Later, book clubs formed as a new way to market books but struggled to survive because of the rise in bookstore chains and Internet booksellers. Merging publishing houses became an economic trend as well as the consolidation of retail sales outlets. Today, online booksellers, such as Amazon have a profound effect on the way publishers market and sell books.
Comparing Historical and Current Trends in Becoming an Authoritative and Credible Publisher and Looking Forward
Prior to the International Copyright Act of 1891, publishers could essentially use whatever means necessary, such as content piracy, to get a leg up on their competition and establish dominance in the publishing community. However, after copyright laws were established, forcing publishers to use more ethical means of establishing authority among their competitors and credibility in the eyes of their audience, over time publishers became more conscious about how they conducted business, including more focus on content acquisition and marketing to audiences specific to this content. This evolution in business savvy, coupled by the expansion of literacy in the United States, eventually led to growth in the number of publishers in the publishing industry and thus a growth in competition. However, writers at that time did not have any means of publishing themselves and relied on publishers to print and distribute their content. This created a surplus of content for publishers to process, facilitating the formation of publishing goliaths like Random House.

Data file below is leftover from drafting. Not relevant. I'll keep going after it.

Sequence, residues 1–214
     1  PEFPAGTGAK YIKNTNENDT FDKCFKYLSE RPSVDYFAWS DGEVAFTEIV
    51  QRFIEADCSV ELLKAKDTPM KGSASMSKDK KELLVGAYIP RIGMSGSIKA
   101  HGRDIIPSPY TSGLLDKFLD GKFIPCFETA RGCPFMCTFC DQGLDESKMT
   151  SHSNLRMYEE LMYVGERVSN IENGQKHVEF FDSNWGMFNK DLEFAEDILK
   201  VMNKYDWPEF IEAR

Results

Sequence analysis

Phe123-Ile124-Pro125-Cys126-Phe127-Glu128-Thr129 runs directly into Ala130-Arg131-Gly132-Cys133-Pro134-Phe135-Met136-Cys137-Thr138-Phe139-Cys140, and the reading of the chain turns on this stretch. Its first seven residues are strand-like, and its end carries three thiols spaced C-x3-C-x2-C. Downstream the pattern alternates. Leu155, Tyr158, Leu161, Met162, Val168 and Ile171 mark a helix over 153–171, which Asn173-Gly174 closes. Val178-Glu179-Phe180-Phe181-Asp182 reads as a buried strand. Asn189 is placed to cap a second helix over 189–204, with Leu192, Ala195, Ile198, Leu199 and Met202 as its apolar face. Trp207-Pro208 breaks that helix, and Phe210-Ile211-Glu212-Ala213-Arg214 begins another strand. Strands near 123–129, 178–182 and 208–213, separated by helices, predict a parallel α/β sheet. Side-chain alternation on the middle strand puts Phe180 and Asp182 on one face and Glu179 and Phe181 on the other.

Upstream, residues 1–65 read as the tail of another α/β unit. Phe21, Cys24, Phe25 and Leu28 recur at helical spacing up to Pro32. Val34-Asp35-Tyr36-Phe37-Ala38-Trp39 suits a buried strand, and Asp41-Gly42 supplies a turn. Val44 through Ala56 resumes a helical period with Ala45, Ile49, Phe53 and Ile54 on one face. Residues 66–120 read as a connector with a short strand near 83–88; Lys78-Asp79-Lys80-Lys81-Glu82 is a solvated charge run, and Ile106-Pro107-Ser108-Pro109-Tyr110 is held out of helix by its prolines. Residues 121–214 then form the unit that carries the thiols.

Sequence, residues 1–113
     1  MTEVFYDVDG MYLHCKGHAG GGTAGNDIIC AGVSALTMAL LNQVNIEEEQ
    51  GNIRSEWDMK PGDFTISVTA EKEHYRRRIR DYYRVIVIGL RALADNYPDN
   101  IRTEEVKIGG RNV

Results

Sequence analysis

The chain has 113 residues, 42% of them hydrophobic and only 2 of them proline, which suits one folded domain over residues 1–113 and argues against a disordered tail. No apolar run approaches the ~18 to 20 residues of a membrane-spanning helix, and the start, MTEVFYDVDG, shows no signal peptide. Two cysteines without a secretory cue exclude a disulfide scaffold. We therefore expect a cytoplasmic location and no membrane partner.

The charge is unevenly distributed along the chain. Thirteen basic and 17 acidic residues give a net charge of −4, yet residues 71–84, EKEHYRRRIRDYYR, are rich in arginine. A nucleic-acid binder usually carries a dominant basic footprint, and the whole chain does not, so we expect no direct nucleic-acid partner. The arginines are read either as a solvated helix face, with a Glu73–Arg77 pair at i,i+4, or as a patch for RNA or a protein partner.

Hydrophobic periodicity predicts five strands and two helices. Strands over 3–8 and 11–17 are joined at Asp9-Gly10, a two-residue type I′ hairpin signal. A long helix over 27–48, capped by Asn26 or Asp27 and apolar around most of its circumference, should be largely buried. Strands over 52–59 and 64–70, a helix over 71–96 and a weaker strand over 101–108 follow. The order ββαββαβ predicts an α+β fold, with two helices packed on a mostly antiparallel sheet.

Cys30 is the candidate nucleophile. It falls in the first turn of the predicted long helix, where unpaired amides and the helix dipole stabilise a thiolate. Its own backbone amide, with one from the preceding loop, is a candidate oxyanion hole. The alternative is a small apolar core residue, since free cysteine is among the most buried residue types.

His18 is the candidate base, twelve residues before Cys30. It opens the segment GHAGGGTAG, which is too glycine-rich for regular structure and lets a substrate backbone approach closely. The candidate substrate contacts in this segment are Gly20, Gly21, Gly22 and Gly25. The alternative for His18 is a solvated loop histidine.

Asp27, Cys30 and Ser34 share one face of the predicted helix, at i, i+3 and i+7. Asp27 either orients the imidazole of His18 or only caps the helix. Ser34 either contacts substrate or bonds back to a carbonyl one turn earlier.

Today, however, publishers large and small are facing a very different world than even a decade ago; authors are able to publish their own work, content is being shared freely like never before thanks to the internet, and the demand for digital content is growing every day. All of these factors are contributing to new ideas about what authority and credibility mean in the publishing industry and shaping different ways by which publishers establish it. Right now, trends for establishing authority in publishing appear to center around content quality (including ease and quality of access to digital content), effective promotion and marketing (using SEO, social media, etc.), and staying up to date with new changes in the evolving digital shift.
Nobody can say for sure where publishing will go next and by what means publishers will establish themselves in that landscape, but based on historical and current trends one can infer that 1) self-publishing is likely to become more sophisticated and continue to grow, 2) publishers will need to develop new marketing and business models to meet the growth in open access and the changing nature of the marketplace, and 3) digital content will continue to evolve.
Editorial Team 5: